This week in my classes: journal writing, role-playing and finishing books

Journal writing

Since returning to school in the new year, my classes have been doing more journal writing than we were doing during the first half of the year.  Both the books that my students are reading – The Skin I’m In by Sharon Flake and After Ever After by Jordan Sonnenblick – pair up well with engaging writing prompts for 13-year-olds.  I’ve been reading through all of my kids’ journals the past few weekends, and though this task is time-consuming, I’m finding that I thoroughly enjoy reading their entries for the window it provides me with into their lives.  Their journal entries offer me conversation starters that I can use with students in the halls between classes, and they are helping me deepen my relationships with them.

Last week, the kids responded to the following prompt:

“Think about a difficult conversation that you’ve had in the past.  What was it about and how did you feel afterwards?”

I was shocked to learn how many of my students have lost parents and other loved ones. Some have seen parents and relatives go to jail. Others have been or still are facing bullying on a regular basis.

Several of the students that wrote that they had experienced some of those issues above can be a challenge in the classroom in regards to behavior, but at least now I might have an idea as to why that’s the case.  I have somewhere that I can start from in regards to helping those kids figure out how they fit into our classroom dynamic.

Hot spot activity

I stole another activity off Twitter that I tried this week that’s called “hot spot“. Here is how it worked: after reading aloud to the class from a novel for roughly 10 minutes, I stopped and chose a student to “become” one of the characters from our book.  That student had to get into the mindset of that character and view the world as only he or she would.  Then, other students could raise their hands to ask that person questions from what we have read so far. What an amazing way to examine character motivation!  The questions that the kids asked were brilliant, and nearly all of them pertained to some specific event from the text. It was a completely student-led discussion over our class novel; I just sat back and observed as my students peppered the student doing the role-playing with questions.  I would highly recommend this activity to anyone looking to spice up classroom book discussions.

Friday is for finishing books

Several more students finished books on Friday that they had been reading in my class for the past several weeks now.  Another girl completed Long Way Down by Jason Reynolds on Friday, and like every student that I teach that has read that book, she was upset by the lack of closure at the end and definitely thinks that Reynolds has to write a sequel.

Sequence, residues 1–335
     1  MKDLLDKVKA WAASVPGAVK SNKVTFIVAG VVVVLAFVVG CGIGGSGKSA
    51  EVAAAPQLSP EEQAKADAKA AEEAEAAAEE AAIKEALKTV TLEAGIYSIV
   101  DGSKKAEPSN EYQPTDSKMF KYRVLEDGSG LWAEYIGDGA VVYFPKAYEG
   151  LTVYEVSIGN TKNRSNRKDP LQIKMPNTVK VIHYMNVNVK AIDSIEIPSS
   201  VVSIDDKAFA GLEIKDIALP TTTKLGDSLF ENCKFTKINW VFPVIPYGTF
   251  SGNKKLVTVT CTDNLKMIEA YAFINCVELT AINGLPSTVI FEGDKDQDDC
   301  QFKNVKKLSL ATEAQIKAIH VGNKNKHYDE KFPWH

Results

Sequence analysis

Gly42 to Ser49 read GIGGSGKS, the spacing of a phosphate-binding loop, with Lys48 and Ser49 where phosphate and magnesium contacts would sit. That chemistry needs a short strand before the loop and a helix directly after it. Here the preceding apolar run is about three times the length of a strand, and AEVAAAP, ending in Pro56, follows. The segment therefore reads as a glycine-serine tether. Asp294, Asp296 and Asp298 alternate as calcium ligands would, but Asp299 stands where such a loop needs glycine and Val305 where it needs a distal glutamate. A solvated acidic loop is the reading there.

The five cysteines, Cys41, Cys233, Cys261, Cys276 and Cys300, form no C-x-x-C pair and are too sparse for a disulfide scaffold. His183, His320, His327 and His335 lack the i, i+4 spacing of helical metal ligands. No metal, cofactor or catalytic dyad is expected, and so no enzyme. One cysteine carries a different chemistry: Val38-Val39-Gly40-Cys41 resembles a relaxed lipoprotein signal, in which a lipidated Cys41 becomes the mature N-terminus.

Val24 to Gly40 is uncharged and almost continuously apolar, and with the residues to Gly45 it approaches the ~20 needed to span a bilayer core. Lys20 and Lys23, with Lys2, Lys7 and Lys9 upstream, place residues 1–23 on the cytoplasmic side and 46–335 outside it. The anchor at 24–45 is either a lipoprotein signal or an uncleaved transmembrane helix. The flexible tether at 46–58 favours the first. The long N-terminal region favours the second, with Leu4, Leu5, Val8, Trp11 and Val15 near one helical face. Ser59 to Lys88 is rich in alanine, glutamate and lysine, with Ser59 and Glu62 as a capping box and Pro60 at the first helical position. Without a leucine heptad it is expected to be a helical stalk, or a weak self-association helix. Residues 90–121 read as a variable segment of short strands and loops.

A boy in one of my advanced classes just wrapped up The Crossover by Kwame Alexander.  This is the second book he’s read to completion on his own in my class this year (his first book was Bull by David Elliott).  This year is the first year that I’ve had an advanced Language Arts class, and I’ve definitely noticed that those students appreciate the time in class for independent reading as much as my other Language Arts classes. Unfortunately, I fear that some teachers assume that just because students are advanced that they are automatically devouring books at home in their free time, but that is not the case.  These kids enjoy video games and social media just as much as the next 13-year-old. They too need some structured time set aside in school each day where they can read for pleasure without any of the distractions that modern technology offers teens today.

Jason Reynolds interview with Trevor Noah on “The Daily Show”

This clip should be required viewing for middle and high school English Language Arts students and teachers everywhere.

Using “Status of the Class” to learn more about our students’ reading habits

Reading Donalyn Miller’s Reading in the Wild two years ago was a game-changer for my Language Arts classroom. That book shifted the way my students engage with reading. Each week, my students receive allotted time in class to choose what they read; they explore new genres; they discover their favorite authors.  

In previous posts, I’ve already highlighted the numerous benefits that arise from giving students the space to read for pleasure in the classroom.  I’m not going to do that again here, but in short, kids need opportunities to get lost in books during class time.  For teachers, this means relinquishing some control and suppressing the urge to push state standards, but it’s integral to develop of a child’s literacy.